Lotus Temple

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Lotus Temple
Bahá'í House of Worship
Lotus Temple-Panoroma-Visit During WCI 2016- IMG 6471.jpg
Full View Of Lotus Temple
Lotus Temple is located in Delhi
Lotus Temple
Location within New Delhi
General information
Type House of Worship
Architectural style Expressionist
Location New Delhi, India
Coordinates 28°33′12″N 77°15′31″E / 28.553325°N 77.258600°E / 28.553325; 77.258600Coordinates: 28°33′12″N 77°15′31″E / 28.553325°N 77.258600°E / 28.553325; 77.258600
Completed 13 November 1986
Opened 24 December 1986
Height 34.27 metres (112.4 ft)
Diameter 70 metres (230 ft)
Technical details
Structural system Concrete frame and precast concrete ribbed roof
Design and construction
Architect Fariborz Sahba
Structural engineer Flint & Neill
Other information
Seating capacity 1,300

The Lotus Temple, located in New Delhi, India, is a Bahá'í House of Worship completed in 1986. Notable for its flowerlike shape, it serves as the Mother Temple of the Indian subcontinent and has become a prominent attraction in the city. The Lotus Temple has won numerous architectural awards and been featured in hundreds of newspaper and magazine articles.[1] Like all Bahá'í Houses of Worship, the Lotus Temple is open to all, regardless of religion or any other qualification. The building is composed of 27 free-standing marble-clad "petals" arranged in clusters of three to form nine sides,[2] with nine doors opening onto a central hall with height of slightly over 40 metres[3] and a capacity of 2,500 people.[4] A 2001 CNN report referred to it as the most visited building in the world.[5]


Like all other Bahá'í Houses of Worship, the Lotus Temple is open to all, regardless of religion, or any other distinction, as emphasised in Bahá'í texts. The Bahá'í laws emphasise that the spirit of the House of Worship be that it is a gathering place where people of all religions may worship God without denominational restrictions.[6] The Bahá'í laws also stipulate that not only the holy scriptures of the Bahá'í Faith but also those of other religions can be read and/or chanted inside the House of Worship regardless of language; while readings and prayers can be set to music by choirs, no musical instruments can be played inside. Furthermore, no sermons can be delivered, and there can be no ritualistic ceremonies practised.


Lotus Temple at front[citation needed]
The temple during the daytime
Interior view
Interior view of the symbol of the Greatest Name, set at the top of the temple
Lotus Temple at sunset
View of the Bahá'í House of Worship at night

All Bahá'í Houses of Worship, including the Lotus Temple, share certain architectural elements, some of which are specified by Bahá'í scripture. `Abdu'l-Bahá, the son of the founder of the religion, stipulated that an essential architectural character of a House of Worship is a nine-sided circular shape.[7] While all current Bahá'í Houses of Worship have a dome, this is not regarded as an essential part of their architecture.[8] Bahá'í scripture also states that no pictures, statues or images be displayed within the House of Worship and no pulpits or altars be incorporated as an architectural feature (readers may stand behind simple portable lecture stands).[6]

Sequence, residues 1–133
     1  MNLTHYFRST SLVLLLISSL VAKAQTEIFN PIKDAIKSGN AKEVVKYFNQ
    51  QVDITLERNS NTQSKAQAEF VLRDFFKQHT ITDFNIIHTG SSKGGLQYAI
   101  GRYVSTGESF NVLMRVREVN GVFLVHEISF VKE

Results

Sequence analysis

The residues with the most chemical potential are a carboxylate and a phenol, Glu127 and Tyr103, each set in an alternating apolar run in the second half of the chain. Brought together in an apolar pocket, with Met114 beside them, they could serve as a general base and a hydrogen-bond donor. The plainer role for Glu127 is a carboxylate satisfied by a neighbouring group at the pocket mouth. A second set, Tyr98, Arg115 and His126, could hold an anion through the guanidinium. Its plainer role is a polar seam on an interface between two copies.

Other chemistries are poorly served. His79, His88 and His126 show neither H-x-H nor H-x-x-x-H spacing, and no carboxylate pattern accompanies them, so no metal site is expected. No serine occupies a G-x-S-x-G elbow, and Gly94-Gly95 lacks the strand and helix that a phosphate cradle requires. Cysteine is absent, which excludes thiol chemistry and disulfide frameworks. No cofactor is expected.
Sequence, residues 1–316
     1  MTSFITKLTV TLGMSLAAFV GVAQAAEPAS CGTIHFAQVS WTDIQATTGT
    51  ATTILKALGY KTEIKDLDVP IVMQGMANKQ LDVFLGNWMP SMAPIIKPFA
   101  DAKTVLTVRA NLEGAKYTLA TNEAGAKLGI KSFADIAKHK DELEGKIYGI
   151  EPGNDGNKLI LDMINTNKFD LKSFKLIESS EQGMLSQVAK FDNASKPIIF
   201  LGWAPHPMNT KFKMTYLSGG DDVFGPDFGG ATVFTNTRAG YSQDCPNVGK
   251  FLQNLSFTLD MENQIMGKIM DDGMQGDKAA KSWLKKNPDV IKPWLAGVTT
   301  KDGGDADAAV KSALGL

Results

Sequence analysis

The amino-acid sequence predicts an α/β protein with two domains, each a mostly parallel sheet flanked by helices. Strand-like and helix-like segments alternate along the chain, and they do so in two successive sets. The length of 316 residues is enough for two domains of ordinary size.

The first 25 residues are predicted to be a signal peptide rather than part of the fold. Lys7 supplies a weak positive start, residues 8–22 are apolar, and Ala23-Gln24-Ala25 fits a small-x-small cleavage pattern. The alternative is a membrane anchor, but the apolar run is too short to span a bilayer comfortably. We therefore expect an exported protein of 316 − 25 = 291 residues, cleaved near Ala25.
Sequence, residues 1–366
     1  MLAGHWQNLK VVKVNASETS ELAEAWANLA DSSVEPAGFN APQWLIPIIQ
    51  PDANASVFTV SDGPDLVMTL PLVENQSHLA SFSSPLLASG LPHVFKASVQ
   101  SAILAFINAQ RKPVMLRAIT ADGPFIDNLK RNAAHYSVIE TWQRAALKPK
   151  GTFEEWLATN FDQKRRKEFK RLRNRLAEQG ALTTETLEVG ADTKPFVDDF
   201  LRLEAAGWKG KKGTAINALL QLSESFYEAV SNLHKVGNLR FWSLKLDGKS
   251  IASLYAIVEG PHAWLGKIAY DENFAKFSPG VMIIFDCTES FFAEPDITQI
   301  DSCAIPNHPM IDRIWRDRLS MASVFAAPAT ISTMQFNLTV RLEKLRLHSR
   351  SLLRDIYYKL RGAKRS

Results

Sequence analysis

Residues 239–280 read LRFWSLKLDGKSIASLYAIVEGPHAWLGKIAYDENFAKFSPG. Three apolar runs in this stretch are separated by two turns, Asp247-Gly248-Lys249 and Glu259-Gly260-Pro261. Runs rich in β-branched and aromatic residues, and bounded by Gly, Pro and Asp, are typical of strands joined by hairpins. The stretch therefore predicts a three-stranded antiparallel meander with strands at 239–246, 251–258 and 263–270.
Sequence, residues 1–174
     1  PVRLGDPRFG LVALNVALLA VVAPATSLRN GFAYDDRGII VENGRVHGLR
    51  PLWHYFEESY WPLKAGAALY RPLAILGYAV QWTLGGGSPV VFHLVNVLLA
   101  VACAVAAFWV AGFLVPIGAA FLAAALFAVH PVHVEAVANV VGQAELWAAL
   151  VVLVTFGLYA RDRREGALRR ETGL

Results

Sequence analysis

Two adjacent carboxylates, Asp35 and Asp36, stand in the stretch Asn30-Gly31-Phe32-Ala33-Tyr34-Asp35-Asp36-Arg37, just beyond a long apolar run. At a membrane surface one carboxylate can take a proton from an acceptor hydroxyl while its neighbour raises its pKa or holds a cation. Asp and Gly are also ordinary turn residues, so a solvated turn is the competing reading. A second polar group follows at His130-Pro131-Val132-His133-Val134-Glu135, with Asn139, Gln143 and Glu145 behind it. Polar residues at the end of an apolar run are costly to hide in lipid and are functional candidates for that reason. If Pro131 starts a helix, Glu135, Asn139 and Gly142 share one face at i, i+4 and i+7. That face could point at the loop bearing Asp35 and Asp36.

Model of the temple at the information centre

Inspired by the lotus flower, the design for the House of Worship in New Delhi is composed of 27 free-standing marble-clad "petals" arranged in clusters of three to form nine sides.[2] The nine doors of the Lotus Temple open onto a central hall slightly more than 40 metres tall[3] that is capable of holding up to 2,500 people.[4] The surface of the House of Worship is made of white marble from Penteli mountain in Greece, the very same from which many ancient monuments and other Bahá'í Houses of Worship are built.[9] Along with its nine surrounding ponds and the gardens, the Lotus Temple property comprises 26 acres (105,000 m²; 10.5 ha).

The site is in the village of Bahapur, in the National Capital Territory of Delhi. The architect was an Iranian, who now lives in Canada, named Fariborz Sahba.[10] He was approached in 1976 to design it and later oversaw its construction. The structural design was undertaken by the UK firm Flint and Neill. The major part of the funds needed to buy this land was donated by Ardishír Rustampúr of Hyderabad, Sindh, who gave his entire life savings for this purpose in 1953.[11] The construction company was ECC Construction Group of Larsen & Toubro Limited.[12] A portion of construction budget was saved and used to build a greenhouse to study indigenous plants and flowers that would be appropriate for use on the site.[13]

Of the temple's total electricity use of 500 kilowatts (KW), 120KW is provided by solar power generated by the building.[14] This saves the temple 120,000 rupees per month.[14] It is the first temple in Delhi to use solar power.[14]


Since its inauguration to public worship in December 1986, the Bahá'í House of Worship in Delhi has, as of late 2001, attracted more than 70 million visitors, making it one of the most visited buildings in the world.[5][better source needed]

Lotus Temple, full of visitors.
One of the nine ponds surrounding the Lotus Temple


The Temple has received wide range of attention in professional architectural, fine art, religious, governmental, and other venues.


  • 1987, the architect of the Bahá'í House of Worship, Mr. Fariborz Sahba, was presented the award for excellence in religious art and architecture by the UK-based Institution of Structural Engineers for producing a building "so emulating the beauty of a flower and so striking in its visual impact".[15]